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50 Avenue Hoche

75008 Paris

Sunday Mass from 3 Sept

9:30am, 11:00am, 12:30pm, 6.30pm

Sat Vigil 6.30pm

Mon-Fri:8.30am; Sat:11am

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Lent 2018

Fridays: Lenten weekly Mass at 7:30pm

Lenten Project 2018

Holy Thursday: 8pm; Good Friday 12 & 8pm, Easter Vigil 9pm Easter Sunday: 9:30,11,12:30,6:30pm

27th Sunday 8 Oct 2017

Some words by Aidan Troy [Aodhán O Troighthigh]
{Reflection only the view of the above}

If you hear someone talking about the ‘Church’, what comes into your mind? Or if reading these words, you stop and read no further, what image comes to mind?

My generation started with a picture of the Pope in Rome, wearing a crown and being carried high up through huge crowds in St Peter’s Basilica, Rome. Very few of my generation ever thought that we would see a Pope travelling by Aer Lingus on a Pastoral Visit to Ireland. This happened in September 1979 when Pope St John Paul II came to see us. Next summer, Pope Francis has said that he too will visit Ireland in connection with a meeting on the Family.

Just after I left home to go to the Passionist Novitiate in 1963, I heard word of the Church being described as the ‘People of God’. The Holy Spirit opened a window in the Church when Pope St John XXIII (his feast day is on Wed.) opened an Oecumenical Council. Some dust of the past flew out and the grace-filled gifts of God came among us.

This in no way makes the Pope redundant. In fact, the opposite is happening since then. The Pope has recovered his true shepherd role as ‘the servant of the servants of God’. Popes now wash feet when once a Pope on his knees did not seem appropriate or possible.

Let me pause here for a moment and pose another question to you about the ‘Church’. When we read today in the First Reading, ‘My beloved had a vineyard on a very fertile hill’, what is Isaiah referring to? He is, I think, referring to the ‘Church’ as we know it today. God is the vinedresser who wants not just grapes, but His People to grow to our full potential in the sunshine of His love and care. This sunshine is the climate in which His grace comes to us. It comes especially through the Sacraments and sometimes through the people who love and cherish us. They are often God’s gifts to us by their presence and action.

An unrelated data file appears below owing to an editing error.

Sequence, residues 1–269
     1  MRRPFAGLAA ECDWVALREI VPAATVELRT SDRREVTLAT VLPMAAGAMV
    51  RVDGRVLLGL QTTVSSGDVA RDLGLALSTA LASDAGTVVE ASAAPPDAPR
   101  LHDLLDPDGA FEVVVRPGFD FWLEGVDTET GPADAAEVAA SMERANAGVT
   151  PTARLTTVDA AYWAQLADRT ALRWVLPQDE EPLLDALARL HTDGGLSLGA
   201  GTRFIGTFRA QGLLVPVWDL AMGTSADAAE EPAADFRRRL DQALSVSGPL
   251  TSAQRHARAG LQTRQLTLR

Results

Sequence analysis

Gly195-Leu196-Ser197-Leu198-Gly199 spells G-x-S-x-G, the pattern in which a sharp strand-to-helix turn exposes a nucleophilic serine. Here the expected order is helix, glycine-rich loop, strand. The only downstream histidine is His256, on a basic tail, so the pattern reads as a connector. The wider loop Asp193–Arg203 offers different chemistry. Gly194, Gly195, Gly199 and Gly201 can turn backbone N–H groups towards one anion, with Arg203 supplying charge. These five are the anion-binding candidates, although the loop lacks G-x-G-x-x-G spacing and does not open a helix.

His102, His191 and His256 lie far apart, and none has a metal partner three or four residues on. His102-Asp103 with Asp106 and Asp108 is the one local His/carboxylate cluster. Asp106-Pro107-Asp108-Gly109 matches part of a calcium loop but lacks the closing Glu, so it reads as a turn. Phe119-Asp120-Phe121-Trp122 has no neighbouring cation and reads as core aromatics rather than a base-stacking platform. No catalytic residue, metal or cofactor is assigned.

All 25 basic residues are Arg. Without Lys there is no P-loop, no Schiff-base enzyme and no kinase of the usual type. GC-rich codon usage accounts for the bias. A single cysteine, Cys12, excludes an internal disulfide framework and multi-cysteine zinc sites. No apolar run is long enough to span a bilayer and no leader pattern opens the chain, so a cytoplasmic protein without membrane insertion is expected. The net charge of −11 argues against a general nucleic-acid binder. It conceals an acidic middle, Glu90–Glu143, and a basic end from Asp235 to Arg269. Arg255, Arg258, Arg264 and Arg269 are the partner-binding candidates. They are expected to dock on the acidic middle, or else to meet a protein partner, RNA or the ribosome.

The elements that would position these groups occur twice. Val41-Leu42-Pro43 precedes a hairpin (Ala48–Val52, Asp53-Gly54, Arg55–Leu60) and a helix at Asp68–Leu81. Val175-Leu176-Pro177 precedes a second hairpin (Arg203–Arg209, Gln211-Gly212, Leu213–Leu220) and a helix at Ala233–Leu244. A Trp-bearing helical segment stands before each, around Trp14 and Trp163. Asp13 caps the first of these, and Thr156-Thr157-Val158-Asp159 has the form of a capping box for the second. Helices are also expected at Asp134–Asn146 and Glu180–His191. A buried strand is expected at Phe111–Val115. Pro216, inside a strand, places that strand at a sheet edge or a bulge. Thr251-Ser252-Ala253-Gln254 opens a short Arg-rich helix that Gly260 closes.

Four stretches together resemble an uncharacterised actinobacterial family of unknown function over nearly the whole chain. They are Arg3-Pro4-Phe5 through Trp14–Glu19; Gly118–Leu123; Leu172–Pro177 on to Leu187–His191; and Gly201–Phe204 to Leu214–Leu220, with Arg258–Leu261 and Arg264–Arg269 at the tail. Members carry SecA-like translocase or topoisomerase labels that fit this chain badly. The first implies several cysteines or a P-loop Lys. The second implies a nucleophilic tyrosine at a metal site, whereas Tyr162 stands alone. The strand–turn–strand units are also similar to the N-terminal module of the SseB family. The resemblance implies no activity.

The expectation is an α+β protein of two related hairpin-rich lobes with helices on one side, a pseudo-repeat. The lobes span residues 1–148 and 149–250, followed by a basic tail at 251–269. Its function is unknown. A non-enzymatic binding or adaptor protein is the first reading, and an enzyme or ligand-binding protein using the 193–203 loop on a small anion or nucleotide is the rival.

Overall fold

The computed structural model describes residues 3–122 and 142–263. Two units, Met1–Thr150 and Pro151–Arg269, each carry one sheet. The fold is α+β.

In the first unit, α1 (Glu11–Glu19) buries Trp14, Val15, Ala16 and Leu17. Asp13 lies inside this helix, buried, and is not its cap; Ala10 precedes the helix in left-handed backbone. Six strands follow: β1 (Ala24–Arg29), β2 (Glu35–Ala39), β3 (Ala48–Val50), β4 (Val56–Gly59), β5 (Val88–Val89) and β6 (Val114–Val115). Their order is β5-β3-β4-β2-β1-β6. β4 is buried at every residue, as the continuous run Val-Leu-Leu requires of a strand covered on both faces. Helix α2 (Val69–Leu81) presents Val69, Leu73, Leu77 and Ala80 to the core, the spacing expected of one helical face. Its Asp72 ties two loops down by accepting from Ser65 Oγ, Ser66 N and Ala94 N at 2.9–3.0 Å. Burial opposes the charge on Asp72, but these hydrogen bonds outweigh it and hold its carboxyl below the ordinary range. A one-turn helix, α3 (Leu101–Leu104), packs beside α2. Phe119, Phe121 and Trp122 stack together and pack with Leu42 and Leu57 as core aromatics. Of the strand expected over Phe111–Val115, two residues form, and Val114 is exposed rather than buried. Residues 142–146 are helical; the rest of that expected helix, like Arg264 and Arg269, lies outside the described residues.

St Paul in the 2nd reading today at Mass spells this out far better than I can. Writing to the Philippians, his first instruction is fascinating – ‘Do not worry about anything’. But, I am a worrier, have always been one and will probably die as a worrier. There is, though, an exit strategy offered by Paul, ‘but in everything by prayer and supplication with thanksgiving let your requests be made known to God.’ So now I am sharing with God my worries that upset and disturb me. And what has God promised to do? ‘The peace of God, which surpasses all understanding, will guard your hearts and your minds in Christ Jesus.’

I love that. My and your worries are taken and shared with God. He is ‘Our Father’ who wants us to be at peace. The sign of peace at Mass is not an idle gesture. It is a pledge that the peace of Christ which surpasses all understanding is with us and we want nothing but the best for the person next to us. That is our hope for the other because Jesus is the Prince of Peace who resides and reigns in our hearts. That is the People of God at our best. That is what Pope Francis is constantly saying and praying. The Papal Tiara or crown is gone, the ‘Sedia Gestatoria’ on which Popes were carried in the past are gone, but the beauty and power of God among His people is still there and flourishing.

In case I am coming across as making all this sound too easy for us, let me finish with the agenda Paul says we should be thinking about - whatever is:

  1. True
  2. Honourable
  3. Just
  4. Pure
  5. Pleasing
  6. Commendable
  7. Excellence
  8. Worthy of Praise

These will give me a new set of ‘worries’ or rather challenges to end needless worry. ‘Keep on doing these things, and the God of peace will be with you.’


Saint Joseph's Catholic Church
50 Avenue Hoche
75008 Paris, France
33(0)1 42 27 28 56

Designed by Bruno Valades